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Time for Blooming Bulbs, Perennials To Pop Up


Q: When I was out poking around in a perennial flower bed I’ve made, I noticed the hollyhocks starting to grow. Isn’t it too early for them to be doing that? — S.C., Albuquerque

A: I wouldn’t be all that concerned. Hollyhocks are very sturdy and for the most part know what they are doing. If you have any oriental poppies planted, you’ll probably notice them soon, too. In fact, if you’ve any early blooming bulbs or perennials they’ll all starting popping soon enough. Meanwhile, be sure to give everyone a good drink. That way if we do get cold again the root masses will have insulation. I’d recommend watering in the late morning so the foliage is dry well before sunset, too. For now don’t worry, the plants know what they are doing.

Q: There is a honeysuckle plant growing on one of my walls. It hasn’t dropped many of its leaves this winter. Is it OK?

A: Grown in these parts, most honeysuckle can be considered a semi-evergreen type of plant, especially if you have it growing in a fairly sheltered spot and are offering it water throughout the dormant season. It is fine, and on top of that, it’s giving you a bit of color during the quiet time of year!

Q: I want to start setting the plants I brought in last fall outdoors during the day so they can get some fresh air. What do you think about that plan?

A: Whoa! It’s just now the beginning of February. No, I do not think it is the time to be plunking your treasures outside yet. If you really feel the need, I suppose you could if the temperatures are hovering in the mid-50s. You’ll want to have the plants back indoors, safe, well before sunset also. To me, that seems like a lot of work and I’ll ask that you wait a while longer. Besides, you could be setting up your plants as bug magnets. Who knows what kind of early bird pest is just looking for a place to call home.

Q: We have several older elm trees in our neighborhood and I’m noticing they have brown bud-like things all over the branches. We’re new here and I’m not at all familiar with these trees. Are they alright? — N.C., North Valley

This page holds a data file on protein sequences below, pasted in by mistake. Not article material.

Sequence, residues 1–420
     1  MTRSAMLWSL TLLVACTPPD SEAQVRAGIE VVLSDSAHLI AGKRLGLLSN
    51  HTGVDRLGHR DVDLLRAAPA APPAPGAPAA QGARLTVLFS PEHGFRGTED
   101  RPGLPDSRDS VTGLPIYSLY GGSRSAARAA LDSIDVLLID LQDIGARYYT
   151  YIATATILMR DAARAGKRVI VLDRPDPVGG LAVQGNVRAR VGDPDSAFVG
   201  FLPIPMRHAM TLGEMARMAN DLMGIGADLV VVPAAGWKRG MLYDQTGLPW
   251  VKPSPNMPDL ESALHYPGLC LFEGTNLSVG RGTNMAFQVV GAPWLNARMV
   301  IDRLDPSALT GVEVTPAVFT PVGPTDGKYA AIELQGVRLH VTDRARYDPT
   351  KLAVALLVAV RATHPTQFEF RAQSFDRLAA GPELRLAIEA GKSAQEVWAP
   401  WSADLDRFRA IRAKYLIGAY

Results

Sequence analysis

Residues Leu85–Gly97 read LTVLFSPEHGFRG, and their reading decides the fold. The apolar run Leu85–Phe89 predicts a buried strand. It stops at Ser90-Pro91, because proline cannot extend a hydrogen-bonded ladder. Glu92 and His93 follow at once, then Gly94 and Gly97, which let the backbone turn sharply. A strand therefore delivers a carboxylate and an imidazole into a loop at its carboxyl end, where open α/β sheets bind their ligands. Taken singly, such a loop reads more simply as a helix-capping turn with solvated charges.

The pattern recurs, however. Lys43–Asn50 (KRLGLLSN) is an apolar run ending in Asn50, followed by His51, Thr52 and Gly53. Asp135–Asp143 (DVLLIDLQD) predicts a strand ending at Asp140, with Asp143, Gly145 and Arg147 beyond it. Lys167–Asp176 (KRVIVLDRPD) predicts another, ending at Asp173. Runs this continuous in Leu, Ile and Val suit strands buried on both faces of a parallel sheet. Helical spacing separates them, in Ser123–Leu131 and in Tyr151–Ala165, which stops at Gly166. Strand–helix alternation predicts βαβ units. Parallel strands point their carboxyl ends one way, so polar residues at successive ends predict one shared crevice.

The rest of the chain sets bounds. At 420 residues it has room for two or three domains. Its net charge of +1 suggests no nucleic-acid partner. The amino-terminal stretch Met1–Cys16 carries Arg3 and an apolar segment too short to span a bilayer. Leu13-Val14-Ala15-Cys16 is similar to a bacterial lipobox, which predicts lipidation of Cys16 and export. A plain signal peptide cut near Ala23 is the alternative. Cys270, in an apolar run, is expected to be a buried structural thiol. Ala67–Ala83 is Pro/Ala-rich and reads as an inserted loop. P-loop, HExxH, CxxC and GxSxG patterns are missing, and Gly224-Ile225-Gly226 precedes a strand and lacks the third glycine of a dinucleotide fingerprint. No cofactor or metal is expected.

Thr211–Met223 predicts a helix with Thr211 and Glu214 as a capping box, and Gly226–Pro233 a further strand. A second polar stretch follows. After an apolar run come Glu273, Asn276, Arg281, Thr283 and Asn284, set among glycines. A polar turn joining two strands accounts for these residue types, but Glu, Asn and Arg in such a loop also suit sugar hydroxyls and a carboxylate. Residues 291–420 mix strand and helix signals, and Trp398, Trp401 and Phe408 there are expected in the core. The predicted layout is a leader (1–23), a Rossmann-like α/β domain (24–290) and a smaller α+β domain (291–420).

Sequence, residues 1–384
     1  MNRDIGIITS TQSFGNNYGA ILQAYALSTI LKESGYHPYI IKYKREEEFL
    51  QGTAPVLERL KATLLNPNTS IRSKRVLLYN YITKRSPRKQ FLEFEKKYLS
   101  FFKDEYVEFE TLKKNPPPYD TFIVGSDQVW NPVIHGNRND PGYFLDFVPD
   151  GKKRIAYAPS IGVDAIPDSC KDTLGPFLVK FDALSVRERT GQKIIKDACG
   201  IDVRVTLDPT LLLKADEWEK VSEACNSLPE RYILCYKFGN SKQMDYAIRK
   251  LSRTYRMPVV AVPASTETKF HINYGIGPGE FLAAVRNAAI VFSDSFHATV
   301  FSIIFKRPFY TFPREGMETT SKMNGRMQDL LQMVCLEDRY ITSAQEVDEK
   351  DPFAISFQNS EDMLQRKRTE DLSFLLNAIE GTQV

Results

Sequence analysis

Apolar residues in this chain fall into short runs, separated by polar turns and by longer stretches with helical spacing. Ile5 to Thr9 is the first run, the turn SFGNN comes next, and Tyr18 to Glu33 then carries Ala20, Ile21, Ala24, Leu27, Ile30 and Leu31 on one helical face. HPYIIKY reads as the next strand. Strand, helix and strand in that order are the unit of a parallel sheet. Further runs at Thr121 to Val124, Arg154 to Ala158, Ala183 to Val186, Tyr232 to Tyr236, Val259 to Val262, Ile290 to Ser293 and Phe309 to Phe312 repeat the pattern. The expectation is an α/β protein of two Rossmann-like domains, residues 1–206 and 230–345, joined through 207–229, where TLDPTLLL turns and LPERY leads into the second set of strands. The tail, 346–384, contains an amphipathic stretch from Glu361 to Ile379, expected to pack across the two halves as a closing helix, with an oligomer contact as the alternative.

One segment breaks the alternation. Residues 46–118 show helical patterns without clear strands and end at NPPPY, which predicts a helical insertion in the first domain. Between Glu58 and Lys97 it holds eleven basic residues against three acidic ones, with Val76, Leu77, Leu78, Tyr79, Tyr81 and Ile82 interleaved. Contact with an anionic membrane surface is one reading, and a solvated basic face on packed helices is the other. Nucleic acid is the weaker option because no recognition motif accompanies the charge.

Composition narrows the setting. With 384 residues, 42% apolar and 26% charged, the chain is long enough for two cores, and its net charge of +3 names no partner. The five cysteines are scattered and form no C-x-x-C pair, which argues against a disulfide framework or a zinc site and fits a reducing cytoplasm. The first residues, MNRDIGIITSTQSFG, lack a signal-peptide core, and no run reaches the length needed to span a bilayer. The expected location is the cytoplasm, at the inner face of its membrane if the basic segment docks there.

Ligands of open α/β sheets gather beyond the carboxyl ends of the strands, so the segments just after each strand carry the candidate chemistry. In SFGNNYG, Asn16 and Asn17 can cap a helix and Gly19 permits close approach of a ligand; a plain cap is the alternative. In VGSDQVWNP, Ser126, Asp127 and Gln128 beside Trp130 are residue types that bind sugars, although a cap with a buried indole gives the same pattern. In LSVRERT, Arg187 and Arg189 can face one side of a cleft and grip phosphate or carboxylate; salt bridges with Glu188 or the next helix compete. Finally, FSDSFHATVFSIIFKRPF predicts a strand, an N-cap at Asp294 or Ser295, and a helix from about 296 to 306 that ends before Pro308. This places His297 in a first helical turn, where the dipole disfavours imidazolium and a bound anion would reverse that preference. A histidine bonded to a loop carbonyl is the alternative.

A: I am confident that what you are noticing is absolutely normal for the elms. That lovely chocolate red-brown bud is the leaf covering and a sure sign that the spring season is soon upon us. First, the elms will pop with their papery seeds and then the brilliant light green of the leaves as the season advances. The cottonwoods and poplars and starting to color up with their yellowish-green buds, too. So, for now, enjoy the barest color change the elms offer and rest assured the growing season is on its way.

Q: I’m looking for an easy-to-grow plant for my office and was recommended a “spath.” What plant am I looking for? — I.O., Downtown

A: “Spath” is the shortened name for a spathiphyllum, or the plant commonly called a peace lily. And whoever recommended the spath is correct. The peace lily is very easy to take care of! The leaves of the spath are a long, eyeball-shaped affair and are of the darkest green color. When it’s in flower, the plant throws up bright white hooded lily-shaped blooms that are very long lasting. Another thing I really like about the peace lily is its scent. If you get your face right in the bloom and smell you’ll notice one of the cleanest scent you’ll ever have the opportunity of smelling. The scent doesn’t waft around, so be sure to get up close and personal with the flowers. Keep the spath watered but never allow it to sit in puddles, ever. It’ll survive in office fluorescent light, too. Given a window, as long as it’s not too hot, they will thrive!

Q: Suggest a couple of things I can give the gardener in my life for Valentine’s Day. Roses are cool but they get pitched soon after. I’m looking for something a lot longer lasting.

A: Well, why not roses after all? I was so pleased to see the first display of bare root roses available at a garden center just in time to warm the cockles of your valentine’s heart! The selections will do nothing more than improve as the season begins, too. Now comes the hard part. What color? Reds, pinks, cheery yellows, exotic oranges and corals, barest lavenders, brilliant whites? Oh, so many choices! You could take the easy way out and get a gift certificate. Whatever you choose, it will be marveled at for years to come. Happy Digging In!

Need tips on growing your garden? Ask Tracey Fitzgibbon, who is a certified nurseryman. Send your garden-related questions to Digging In, Rio Rancho/West Side Journal, P.O. Drawer J, Albuquerque, NM 87103.

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